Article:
Created by
Created December 20, 2013
Last modified December 24, 2013
Tags laplace  


Unrelated signal may fail to plot when using a Laplace block.


If signals fail to plot and a Laplace block is in use, then this may be helpful.

Sometimes in CL, the Laplace block transfer function 1/(s) simulates without problems as an integrator. Then later the same circuit behaves unexpectedly. In these cases adding a small constant may ensure the region of convergence is satisfied with L { 1/(s+1f) }.

[12/24/2013 updated:] Other example CL circuits use the workaround of adding a small constant of 1f (1e-15) or 1p (1e-12). See user: @signality for more Laplace uses. Perhaps more CircuitLab Laplace-Block documentation would help users understand why unrelated signals fail to plot without warnings or errors.

[12/24/2013 updated] A Laplace block with L {1/s} has a region of convergence (ROC) of s > 0 that the L{transfer function} must satisfy. Intuitively this prevents division by 0. While s > 0 is the most common ROC, mathematical references provide ROC for other transfer functions.

[12/24/2013 added] Side effects shown with two examples: (1) In Laplace terminology if f(t) is a constant k. Then the integral of k, in the Laplace domain is the transfer function { k/s }.

(2) In Laplace terminology if f(t) = k * exp(-at). Then the integral in the Laplace domain is the transfer function { k / (s+a) }. Notice this is example (1) multiplied by a negative or "decaying" exponential exp(-at) function. This provides users an insight to the side effects of adding a small constant.

"Decaying" exponential in this sense means that as t increases, the decay (amplitude attenuation) increases. In example (2) k is multiplied by slightly less and less than 1. So "decaying" (amplitude attenuation) describes what is done to the original function. For CL this helps drive circuit simulation to "converge" to a solution.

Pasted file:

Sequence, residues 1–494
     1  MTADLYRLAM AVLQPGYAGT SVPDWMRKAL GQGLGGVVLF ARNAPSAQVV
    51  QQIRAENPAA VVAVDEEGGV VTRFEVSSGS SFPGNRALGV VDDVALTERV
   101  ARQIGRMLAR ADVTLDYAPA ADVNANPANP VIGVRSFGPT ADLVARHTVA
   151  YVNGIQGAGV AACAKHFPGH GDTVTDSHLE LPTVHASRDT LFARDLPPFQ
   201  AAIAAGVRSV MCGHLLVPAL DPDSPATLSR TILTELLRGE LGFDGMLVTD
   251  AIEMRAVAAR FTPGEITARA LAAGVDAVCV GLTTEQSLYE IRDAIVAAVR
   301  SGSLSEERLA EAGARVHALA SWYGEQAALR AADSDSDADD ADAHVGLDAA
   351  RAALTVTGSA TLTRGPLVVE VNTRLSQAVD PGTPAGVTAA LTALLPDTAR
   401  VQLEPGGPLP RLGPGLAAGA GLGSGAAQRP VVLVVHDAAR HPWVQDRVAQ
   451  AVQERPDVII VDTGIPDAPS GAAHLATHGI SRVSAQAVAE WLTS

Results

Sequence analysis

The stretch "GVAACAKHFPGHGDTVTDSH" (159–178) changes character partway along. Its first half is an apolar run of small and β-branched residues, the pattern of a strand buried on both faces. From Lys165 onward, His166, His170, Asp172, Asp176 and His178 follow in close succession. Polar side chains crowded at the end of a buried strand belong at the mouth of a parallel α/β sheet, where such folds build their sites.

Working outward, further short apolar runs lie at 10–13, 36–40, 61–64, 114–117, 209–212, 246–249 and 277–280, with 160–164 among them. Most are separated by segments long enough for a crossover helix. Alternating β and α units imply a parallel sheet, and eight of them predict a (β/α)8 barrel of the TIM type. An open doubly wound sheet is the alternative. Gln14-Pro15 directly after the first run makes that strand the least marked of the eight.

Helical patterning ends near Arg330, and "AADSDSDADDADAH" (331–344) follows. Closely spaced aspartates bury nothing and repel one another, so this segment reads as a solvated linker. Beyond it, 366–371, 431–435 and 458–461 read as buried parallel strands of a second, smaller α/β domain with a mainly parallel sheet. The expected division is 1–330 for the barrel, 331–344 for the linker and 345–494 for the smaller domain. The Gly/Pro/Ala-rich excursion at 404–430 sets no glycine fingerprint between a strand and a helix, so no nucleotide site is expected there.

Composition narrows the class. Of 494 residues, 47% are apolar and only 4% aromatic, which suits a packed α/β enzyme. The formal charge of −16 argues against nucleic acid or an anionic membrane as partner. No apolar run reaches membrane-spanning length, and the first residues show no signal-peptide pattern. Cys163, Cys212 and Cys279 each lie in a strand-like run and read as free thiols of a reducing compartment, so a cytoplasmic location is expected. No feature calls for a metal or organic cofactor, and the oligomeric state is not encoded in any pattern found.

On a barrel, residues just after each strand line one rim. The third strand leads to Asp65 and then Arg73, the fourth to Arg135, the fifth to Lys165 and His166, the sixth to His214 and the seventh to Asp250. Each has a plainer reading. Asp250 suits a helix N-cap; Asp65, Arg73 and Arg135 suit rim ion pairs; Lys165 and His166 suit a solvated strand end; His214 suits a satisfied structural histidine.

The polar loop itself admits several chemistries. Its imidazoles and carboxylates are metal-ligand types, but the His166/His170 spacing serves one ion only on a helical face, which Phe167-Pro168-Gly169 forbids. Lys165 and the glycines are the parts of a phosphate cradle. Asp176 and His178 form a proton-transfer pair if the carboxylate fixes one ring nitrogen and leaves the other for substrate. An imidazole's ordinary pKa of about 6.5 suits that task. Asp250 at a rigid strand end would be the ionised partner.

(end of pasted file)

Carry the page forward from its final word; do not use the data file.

When the product (-at) is near 0, exp(-at) = 1. For example, exp(-1E-6) = 0.999999, a one part per million (PPM) error compared to 1. Thus, the original f(t) is amplitude distorted by this "decaying" error. This time increasing error is exp(-at), and is why the smallest possible "-a" is often used and CPU dependent. (Varies with simulation tools)

To control errors to under 1 PPM, the product (-at) must be less than -1E-6. Since "1f" represents 1 femto (= E-15). Then if a circuit integrates 31.7 years or 1E9 seconds, the product (-a*t) is (-1f * t) or (-1E-15 * 1E9) or -1E-6 and the "decaying" exponential error is the difference between 1 and exp(-1E-6), the desired 1 PPM error.

Clearly, for shorter simulation time periods than 32 years the error will be less. In my opinion, most users will not notice this amplitude error, and "real" circuits will have much greater sources of error from leakage and parasitics. So this workaround handles most situations.


@John Figueroa (integerlaw)

Good post! Well spotted.


I discovered this workaround some years ago using spice. In spice this small offset seems to be always necessary.

I must confess, I have never explored exactly why this is so.


Here are some more examples of this workaround in CL:

by signality
December 23, 2013

Thanks for the comments. The "description" sentence regarding the region of convergence for 1/s was updated to point out that s>0 is not general.

More generally find the L {TF:} region of convergence as listed in this wiki table.

A deeper understanding of the ROC is given widely at ".edu" sites. But this wiki link is a good start, even though terse.

by integerlaw
December 24, 2013

While updating the "description" it seemed that delaying the start of simulation to 1 nsec instead of 0 sec might provide an alternate solution, based on the definition of the Laplace transform. But the test was not successful.

by integerlaw
December 24, 2013

Your comparisons to other common simulators are great insights to CL users like myself. You provide a great service in sharing your multi-platform experience. I will contact a simulator developer (HSPICE) to inquire further, and reference your observations.

by integerlaw
December 26, 2013

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